Not that this sort of nonsense technical analysis carries any real significance. My broader point is that any reaction to government “intervention” you might read in the tape is disortion, not commentary. We’ve had at least a two-phase reaction to essentially the same government activity. Plenty of other factors have played in the traffic as well, naturally, the most obvious of which is just good ol’ time. I believe Phase 3 is now underway. No doubt traders will yelp about the government having caused it, too.

Bears had it most of the day, and hard, but those bulls keep thinking they’re gonna get paid off if the turn it. Which, of course, they’ve been right about. Thus far. If you ask me, it is long past time to spank the cocky. (Stop that. You know what I mean.) The $SPY 200 DMA seems to be a universal expectation, which remains to me an outstanding contrarian signal. One way or the other, the burden of proof has shifted back squarely to the bulls.

Without further ado, a buncha recaps:

Careful out there. I’m mostly taking the day off, as approximately 139 shares will trade in “anticipation” of the long weekend.

Yeah funny day, wasn’t it? Still a-wander and not really play-by-playing–let alone trading this tape, yikes, though I am not all in cash–but it looks awfully messy from here.

There was a lot of noise–in this case, trader noise, not the news variety–yesterday about how so many bears saw TA potential that they were bound to get nailed. And today, everyone going on and on about the $SPY 200 DMA, the bullish consolidation, the blah blah blah.

Here’s the one thing I see: there is an unbroken, one-year-old trendline on the $SPY daily and weekly charts. That trend? Down. Today’s action? This week’s? Last week’s? Last two months’? Uh, crowding, perhaps, but failing, much like September ’08’s action. Failing to go up. Burden of proof, it seems to me, is on the bulls in May. (And no, I’m not talking rhyming cliche.)

Name the better signal, I’m all ears. Otherwise, I’m sticking to my completely untechnical hypothesis: the $SPY 200 DMA will kiss the action before the action kisses it.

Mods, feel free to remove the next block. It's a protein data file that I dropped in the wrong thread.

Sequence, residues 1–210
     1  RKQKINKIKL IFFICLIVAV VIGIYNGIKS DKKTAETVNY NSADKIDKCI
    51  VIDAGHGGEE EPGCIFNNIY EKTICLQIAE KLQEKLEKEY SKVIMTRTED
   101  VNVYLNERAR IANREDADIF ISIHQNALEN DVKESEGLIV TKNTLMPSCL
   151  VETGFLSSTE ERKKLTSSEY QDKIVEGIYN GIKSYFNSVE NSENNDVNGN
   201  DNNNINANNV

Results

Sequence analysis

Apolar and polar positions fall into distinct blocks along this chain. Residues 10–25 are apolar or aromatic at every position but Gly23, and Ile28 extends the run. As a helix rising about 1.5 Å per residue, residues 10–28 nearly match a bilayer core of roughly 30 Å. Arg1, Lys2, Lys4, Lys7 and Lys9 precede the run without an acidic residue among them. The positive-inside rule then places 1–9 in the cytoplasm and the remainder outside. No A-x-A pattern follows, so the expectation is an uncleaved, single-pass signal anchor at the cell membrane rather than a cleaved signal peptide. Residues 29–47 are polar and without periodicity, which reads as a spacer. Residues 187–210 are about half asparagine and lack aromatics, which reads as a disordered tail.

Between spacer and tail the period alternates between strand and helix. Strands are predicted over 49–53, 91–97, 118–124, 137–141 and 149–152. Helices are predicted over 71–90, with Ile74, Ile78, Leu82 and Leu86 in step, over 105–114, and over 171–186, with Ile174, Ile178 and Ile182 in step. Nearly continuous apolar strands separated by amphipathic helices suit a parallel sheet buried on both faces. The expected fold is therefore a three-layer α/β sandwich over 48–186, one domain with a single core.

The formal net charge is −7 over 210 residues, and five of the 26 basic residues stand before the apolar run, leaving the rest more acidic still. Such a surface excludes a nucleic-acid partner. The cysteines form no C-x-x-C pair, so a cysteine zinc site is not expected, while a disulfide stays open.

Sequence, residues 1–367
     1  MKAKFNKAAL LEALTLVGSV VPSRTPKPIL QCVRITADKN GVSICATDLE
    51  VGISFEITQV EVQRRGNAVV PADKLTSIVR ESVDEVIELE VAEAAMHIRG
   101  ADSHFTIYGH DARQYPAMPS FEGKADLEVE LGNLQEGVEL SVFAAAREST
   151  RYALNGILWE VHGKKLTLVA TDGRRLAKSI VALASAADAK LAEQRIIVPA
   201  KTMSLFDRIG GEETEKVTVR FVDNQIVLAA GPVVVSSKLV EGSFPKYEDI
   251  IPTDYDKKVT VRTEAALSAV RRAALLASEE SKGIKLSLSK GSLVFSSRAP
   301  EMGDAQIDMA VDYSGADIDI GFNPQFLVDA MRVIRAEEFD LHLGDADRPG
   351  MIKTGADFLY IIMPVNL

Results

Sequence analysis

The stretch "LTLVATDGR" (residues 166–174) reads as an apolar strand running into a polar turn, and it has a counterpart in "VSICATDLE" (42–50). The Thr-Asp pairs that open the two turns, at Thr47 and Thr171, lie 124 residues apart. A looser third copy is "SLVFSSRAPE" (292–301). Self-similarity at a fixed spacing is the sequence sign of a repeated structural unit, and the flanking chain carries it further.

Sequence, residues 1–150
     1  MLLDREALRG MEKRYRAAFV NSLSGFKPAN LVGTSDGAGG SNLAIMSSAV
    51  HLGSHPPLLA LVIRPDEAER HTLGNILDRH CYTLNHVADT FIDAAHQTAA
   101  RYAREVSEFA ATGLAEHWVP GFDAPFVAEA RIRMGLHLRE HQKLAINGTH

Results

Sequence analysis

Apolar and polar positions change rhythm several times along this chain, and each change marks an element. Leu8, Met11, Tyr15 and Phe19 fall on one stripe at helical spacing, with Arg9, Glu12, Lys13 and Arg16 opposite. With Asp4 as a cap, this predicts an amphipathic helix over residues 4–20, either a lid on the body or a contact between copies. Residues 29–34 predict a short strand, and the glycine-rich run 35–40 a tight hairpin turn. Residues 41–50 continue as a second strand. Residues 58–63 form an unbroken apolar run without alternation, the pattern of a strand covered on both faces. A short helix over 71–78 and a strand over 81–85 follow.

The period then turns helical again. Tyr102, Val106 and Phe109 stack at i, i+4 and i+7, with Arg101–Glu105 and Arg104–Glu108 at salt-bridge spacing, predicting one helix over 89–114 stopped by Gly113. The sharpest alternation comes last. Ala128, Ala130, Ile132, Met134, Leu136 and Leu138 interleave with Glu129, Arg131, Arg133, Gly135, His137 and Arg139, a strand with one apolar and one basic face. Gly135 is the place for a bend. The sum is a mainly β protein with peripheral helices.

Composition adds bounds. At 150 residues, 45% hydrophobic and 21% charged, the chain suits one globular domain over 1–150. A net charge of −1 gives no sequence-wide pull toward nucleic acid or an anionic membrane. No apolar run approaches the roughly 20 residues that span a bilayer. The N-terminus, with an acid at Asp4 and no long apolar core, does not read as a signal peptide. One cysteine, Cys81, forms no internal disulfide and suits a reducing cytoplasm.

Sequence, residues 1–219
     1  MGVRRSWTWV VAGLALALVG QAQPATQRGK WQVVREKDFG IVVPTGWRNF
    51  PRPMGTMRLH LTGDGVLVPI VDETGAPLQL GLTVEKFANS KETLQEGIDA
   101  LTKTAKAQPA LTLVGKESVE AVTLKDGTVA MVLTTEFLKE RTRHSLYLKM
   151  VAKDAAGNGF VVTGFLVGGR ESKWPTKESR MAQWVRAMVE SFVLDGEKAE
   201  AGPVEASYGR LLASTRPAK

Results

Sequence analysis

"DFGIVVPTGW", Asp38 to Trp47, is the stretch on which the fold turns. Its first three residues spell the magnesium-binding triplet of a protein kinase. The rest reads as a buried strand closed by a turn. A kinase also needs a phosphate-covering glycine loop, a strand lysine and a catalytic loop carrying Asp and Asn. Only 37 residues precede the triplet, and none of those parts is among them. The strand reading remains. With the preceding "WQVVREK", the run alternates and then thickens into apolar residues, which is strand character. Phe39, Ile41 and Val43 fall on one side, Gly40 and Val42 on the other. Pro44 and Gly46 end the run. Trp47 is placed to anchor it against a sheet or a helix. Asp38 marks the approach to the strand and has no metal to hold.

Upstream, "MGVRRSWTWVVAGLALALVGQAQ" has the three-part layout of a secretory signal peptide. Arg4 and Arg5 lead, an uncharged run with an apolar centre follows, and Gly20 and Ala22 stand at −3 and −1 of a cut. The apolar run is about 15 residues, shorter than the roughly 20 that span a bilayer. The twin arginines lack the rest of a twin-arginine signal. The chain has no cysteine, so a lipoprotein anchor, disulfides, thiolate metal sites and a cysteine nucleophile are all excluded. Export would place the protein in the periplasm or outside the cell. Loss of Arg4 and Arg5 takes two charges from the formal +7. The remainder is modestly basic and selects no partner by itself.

Just a couple recaps tonight, and they disagree with each other. Go TA! The silence elsewhere is just as meaningful, I’d say. Without further ado:

Indecision is the watchword. Good luck out there.

Have been on the road so am not paying the closest attention to the markets at the moment, but today would have been quite a signal even if I’d only stopped in at the close. On pretty measly volume, the recent short-term downtrend on $SPY was broken, and the market had a big up day familiar to anyone who traded from March until early May.

The only observation I would make from checking in and watching the charts throughout the day was that the movement felt a lot more skittish. No more of the surging and steep green candles–much more of a “melt up” effect. Sellers were clearly absent, but buyers were (rightfully, I would say) cautious.

I do not see today as any indication of a new trend, but merely the elimination of the previous short-term trend. Nevertheless, I’m going to be getting a lot more cautious with any short trading in the next couple of days–can’t be a trend until it carries on a couple of days.

Without further ado, your recaps:

  • Market Talk (summary, no charts, but a great and concise point of view)
  • Trader Mike (chart interpretation by the best)
  • Jack McHugh (summary, no charts)
  • The Chart Pattern Trader (video chart analysis, very technical, ~29 mins. Tonight’s session includes lots of MACD explanation for new traders.)

Also recommend you take a look at Sentiment Trader’s Tick reading from today.

Good luck out there. Normal posting to resume later this week.